Deadly blast at Ukraine coal mine
A methane explosion ripped through a coal mine before dawn in war-torn eastern Ukraine, killing at least 10 workers, officials said.
With more than 20 labourers trapped by the rubble, miners were enlisted to assist rescue operations, but work was hampered by limited access to the deep subterranean network.
The explosion at the Zasyadko mine in Donetsk, an eastern city under the control of Russian-backed separatists, was not caused by shelling, rebel authorities said. Eastern Ukraine has been rocked by fighting between government forces and Russian-backed rebels for almost a year, a conflict that has killed more than 6,000 people.
The blast occurred more than 1,000 metres (3,280ft) underground as 230 workers were in the mine, separatist authorities in Donetsk said in a statement, blaming a combustible mixture of methane and air - a common cause of industrial mining accidents.
Contradictory reports trickled out throughout the day as officials loyal to either the central government or rebel authorities independently issued reports. The regional governor's office serving Kiev said that as of the late afternoon, 10 people had been confirmed as having been killed and that the fate of another 23 was unknown.
But rebel officials insisted late into the afternoon that only one person had died.
One lightly wounded miner being evacuated told the Associated Press that he saw five bodies being pulled out, but provided no further details.
It was not possible to immediately reconcile the figures given by different authorities.
One slightly injured miner, 42-year-old Igor Murygin, said at a hospital in Donetsk that he was blown off his feet by the impact of the explosion.
"When I came to, there was dust everywhere. People were groaning," said Mr Murygin, who doctors said had burns over 20% of his body.
Mr Murygin said the mine had installed new equipment and that nothing appeared to be out of order.
The rebels said 15 miners were sent to medical centres in Donetsk.
Miners arriving for their morning shift, shortly after the accident, have helped in the recovery operation. Reaching the stricken portion of the mine has been complicated, however, as one of the three entrances has been forced closed by artillery shelling that has blighted Donetsk. That entrance is the closest to the area where the trapped miners are located.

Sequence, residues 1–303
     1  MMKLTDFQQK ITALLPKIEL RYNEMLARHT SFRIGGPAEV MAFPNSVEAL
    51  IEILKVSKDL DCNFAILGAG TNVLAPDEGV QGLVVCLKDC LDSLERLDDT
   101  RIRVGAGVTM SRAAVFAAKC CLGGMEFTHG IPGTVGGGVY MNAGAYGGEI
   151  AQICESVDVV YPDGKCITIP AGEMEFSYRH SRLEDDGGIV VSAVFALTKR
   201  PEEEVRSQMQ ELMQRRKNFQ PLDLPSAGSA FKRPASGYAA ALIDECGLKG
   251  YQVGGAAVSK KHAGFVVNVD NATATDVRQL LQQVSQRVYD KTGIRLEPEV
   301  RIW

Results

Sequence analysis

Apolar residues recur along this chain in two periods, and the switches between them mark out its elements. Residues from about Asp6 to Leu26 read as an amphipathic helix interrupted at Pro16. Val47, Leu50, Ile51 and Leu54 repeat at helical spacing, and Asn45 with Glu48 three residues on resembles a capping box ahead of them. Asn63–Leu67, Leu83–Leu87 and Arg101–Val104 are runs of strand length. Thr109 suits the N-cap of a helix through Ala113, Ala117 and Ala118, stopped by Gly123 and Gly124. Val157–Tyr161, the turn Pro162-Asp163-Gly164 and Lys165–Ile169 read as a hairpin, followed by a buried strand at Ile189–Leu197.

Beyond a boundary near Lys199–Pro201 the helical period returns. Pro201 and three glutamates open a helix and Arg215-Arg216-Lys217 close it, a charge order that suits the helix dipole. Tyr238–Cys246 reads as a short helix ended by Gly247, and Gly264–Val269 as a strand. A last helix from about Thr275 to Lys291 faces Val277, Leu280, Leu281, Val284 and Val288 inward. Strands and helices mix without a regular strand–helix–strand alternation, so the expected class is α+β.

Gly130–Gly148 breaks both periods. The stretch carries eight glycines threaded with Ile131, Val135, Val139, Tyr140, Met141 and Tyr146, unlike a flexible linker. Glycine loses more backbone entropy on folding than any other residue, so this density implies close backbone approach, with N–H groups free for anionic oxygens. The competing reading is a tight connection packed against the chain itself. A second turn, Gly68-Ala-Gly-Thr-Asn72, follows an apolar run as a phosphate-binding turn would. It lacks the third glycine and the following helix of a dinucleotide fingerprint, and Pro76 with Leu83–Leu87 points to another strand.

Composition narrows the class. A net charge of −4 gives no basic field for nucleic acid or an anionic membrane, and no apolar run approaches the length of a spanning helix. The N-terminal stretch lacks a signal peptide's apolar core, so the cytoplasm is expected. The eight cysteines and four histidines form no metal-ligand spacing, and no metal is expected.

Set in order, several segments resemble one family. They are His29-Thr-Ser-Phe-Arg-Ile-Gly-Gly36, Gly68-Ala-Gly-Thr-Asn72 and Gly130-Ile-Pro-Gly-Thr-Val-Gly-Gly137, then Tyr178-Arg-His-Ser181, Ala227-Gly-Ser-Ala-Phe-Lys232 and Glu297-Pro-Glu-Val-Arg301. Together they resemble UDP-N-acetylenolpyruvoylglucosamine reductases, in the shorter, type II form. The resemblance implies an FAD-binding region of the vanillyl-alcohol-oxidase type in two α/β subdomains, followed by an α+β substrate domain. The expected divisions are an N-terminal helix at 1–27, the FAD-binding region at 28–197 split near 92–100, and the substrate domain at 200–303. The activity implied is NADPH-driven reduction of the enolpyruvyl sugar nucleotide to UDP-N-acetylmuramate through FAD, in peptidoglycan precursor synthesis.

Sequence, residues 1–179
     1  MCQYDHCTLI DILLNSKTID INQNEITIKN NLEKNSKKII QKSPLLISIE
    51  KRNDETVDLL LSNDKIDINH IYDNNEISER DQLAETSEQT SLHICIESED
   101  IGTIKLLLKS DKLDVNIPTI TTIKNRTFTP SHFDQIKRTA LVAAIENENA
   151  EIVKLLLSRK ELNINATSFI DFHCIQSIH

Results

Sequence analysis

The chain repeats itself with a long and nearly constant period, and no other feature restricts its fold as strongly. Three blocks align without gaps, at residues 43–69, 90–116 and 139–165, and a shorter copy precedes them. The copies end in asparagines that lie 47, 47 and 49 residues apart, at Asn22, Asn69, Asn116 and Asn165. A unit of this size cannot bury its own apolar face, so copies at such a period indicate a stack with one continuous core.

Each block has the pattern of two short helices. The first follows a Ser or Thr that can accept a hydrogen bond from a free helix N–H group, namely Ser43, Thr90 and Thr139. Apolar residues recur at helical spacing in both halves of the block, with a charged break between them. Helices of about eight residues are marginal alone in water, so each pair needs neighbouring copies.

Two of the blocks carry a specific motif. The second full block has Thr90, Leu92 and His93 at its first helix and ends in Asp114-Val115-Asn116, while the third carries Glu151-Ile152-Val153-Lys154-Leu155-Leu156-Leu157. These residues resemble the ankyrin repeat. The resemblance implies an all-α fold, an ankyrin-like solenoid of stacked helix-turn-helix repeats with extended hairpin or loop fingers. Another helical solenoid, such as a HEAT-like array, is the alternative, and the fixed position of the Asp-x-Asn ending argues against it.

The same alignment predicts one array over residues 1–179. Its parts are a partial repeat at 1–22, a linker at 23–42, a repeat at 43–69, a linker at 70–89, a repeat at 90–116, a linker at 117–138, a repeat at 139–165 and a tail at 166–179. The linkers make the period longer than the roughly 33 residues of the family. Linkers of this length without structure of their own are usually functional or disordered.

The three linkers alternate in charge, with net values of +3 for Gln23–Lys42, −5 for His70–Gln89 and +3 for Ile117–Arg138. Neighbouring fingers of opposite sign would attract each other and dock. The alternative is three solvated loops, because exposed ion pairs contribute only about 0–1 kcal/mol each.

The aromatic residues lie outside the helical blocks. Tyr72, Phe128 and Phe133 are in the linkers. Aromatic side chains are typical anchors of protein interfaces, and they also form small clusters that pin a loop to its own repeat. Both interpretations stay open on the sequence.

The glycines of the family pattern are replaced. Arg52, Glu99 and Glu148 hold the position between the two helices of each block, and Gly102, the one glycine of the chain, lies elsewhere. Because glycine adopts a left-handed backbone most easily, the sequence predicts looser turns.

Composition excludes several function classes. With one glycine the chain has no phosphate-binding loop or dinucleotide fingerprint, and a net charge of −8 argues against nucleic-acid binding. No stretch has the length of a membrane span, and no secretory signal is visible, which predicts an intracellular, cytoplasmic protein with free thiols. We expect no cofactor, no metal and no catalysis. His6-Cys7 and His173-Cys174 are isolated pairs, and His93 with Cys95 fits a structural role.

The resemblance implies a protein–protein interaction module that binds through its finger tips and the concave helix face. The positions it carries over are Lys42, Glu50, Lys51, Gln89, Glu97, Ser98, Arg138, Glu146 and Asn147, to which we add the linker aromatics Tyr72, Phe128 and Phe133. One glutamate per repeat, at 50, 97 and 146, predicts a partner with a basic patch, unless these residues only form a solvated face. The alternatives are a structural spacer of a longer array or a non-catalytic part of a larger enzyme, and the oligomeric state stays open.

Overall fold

Ukrainian prime minister Arseniy Yatsenyuk said in Kiev that rebels had prevented a team of 60 Ukrainian rescue workers from reaching the mine to provide assistance.
But leading rebel representative Denis Pushilin denied that Ukrainian authorities had offered any help.
"If we truly need assistance, we will turn to Russia," Mr Pushilin was quoted as saying by the Donetsk News Agency.
Separatist officials trickled into the grounds of the mine throughout the morning, but all refused to respond to questions, a stance that frustrated many miners' families.
Valentina Petrova came to the Zasyadko mine looking for her 47-year-old son, Vladimir.
"He was supposed to retire next year. Everyone is angry that they say on TV that 32 people died but nobody tells us anything," she said.
Workers complained volubly about the long history of safety violations at the Zasyadko mine.
One, who gave only his first name, Kostya, said two of his brothers had been injured in earlier blasts at the same mine.
"We work like crazy for peanuts. We want this place to be safe. We want our children to be able to work here," he told the AP.
The mine has a history of deadly accidents, including one in November 2007 that killed 101 workers, and two more in December 2007 that killed 52 miners and then five more workers.
Ninety-nine people were killed in Ukraine's coal mines in 2014, according to mining safety bodies. Thirteen of those deaths were a direct result of the war in the east, where mines have frequently been struck in artillery duels between rebel and Ukrainian government forces.